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5 Geopolitical Trends to watch in 2019

In today’s globalised world, many geopolitical events take place every year, and they have a long-lasting effects in time. So, considering what happened on the international scene in the year that has just ended, what are the top five global trends to watch in 2019?

1 – “America first”, America alone?

President Trump’s “America First” policy was put into practice various times in 2018. He introduced new tariffs to protect the US economy; he abandoned those agreements that he deemed contrary to America’s national interest; he criticised allies for free-riding on the US in security issues.

This is a trend that will continue as long as Trump remains in the White House, and that will have an important impact on the global order. For decades, the international system was centred on the US and its commitment to sustain its rules and provide security; albeit with limitations and largely for its self-advantage. But now, Washington prefers pursuing a narrow definition of its own national interest. This has already raised concerns with traditional partners; most notably with the European members of NATO to whom he demanded to spend more on defence. This divergence between the two sides of the Atlantic has cast doubts over the tenure of the Alliance. All this happens in a moment of renewed tensions with Russia, who in turn is taking benefit from the situation because in case of a confrontation, it will have to face a more divided and therefore weaker NATO. This uncertainty over the future of the Alliance damages European but also American interests: alienating its traditional allies risks to isolate the US and to reduce its international influence.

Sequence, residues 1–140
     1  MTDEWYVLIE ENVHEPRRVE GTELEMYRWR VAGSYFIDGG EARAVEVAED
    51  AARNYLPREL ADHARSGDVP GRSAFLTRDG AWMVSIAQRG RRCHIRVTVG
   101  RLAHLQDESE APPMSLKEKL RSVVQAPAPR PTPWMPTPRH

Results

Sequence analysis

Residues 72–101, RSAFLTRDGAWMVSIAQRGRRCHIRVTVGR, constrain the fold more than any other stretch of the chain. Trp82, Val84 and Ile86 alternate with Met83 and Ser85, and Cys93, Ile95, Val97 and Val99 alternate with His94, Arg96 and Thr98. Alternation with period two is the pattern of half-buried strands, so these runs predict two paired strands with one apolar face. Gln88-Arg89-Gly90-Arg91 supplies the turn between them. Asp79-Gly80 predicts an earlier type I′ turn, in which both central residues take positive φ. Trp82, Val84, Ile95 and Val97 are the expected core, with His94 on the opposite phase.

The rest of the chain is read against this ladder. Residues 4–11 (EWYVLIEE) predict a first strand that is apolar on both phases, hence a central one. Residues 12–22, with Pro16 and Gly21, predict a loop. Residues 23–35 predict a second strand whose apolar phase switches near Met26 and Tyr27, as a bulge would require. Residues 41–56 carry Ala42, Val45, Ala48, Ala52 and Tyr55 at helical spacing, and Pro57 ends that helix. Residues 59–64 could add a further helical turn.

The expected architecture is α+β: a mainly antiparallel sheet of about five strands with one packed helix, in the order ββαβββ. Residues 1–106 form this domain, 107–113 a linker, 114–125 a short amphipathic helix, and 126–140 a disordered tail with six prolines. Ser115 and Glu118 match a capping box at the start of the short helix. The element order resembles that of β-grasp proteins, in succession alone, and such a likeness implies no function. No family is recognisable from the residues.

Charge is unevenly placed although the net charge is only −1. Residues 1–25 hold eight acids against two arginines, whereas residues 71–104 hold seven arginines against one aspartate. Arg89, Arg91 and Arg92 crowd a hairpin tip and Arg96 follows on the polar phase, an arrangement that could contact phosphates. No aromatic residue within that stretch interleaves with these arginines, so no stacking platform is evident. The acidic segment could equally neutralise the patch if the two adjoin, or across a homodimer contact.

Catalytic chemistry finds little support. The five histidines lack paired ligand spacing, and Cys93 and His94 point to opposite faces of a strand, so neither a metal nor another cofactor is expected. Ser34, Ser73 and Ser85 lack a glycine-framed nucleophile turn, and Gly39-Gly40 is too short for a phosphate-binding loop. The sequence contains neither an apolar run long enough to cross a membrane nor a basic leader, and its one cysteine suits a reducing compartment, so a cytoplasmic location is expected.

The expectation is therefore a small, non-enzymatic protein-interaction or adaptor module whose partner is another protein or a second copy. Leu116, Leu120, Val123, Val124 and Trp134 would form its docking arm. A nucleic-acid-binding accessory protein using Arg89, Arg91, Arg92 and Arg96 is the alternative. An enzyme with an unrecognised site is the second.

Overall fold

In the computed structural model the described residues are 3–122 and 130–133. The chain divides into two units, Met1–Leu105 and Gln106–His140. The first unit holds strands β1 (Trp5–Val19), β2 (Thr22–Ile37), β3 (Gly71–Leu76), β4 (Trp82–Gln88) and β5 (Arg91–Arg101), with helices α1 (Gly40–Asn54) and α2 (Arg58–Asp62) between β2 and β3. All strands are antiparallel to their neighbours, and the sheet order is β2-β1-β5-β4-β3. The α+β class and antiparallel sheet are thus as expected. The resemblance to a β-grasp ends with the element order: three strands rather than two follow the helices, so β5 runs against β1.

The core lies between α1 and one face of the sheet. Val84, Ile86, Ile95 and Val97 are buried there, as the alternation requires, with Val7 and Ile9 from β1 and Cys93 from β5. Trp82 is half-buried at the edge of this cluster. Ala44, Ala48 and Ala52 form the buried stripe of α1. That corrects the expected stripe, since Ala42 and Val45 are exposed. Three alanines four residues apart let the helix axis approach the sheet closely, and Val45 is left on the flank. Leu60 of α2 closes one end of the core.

All this happens in a delicate moment for the US economy. While its GDP grew of almost 3% in 2018, its monetary policy is object of political debate as Trump accuses the Federal Reserve of being the “only problem” of America’s economy. If the Fed keeps on raising the interest rates to contain inflation, the US growth will slow down. This will also combine with the effects of tariffs plus the considerable public and private debt. Moreover, American stock markets have lost much value in the past year: the price of shares according to the Dow Jones index dropped of around 9.5% in 2018. And if the US economy slows, the rest of the world will follow.

2 – China’s economic slowdown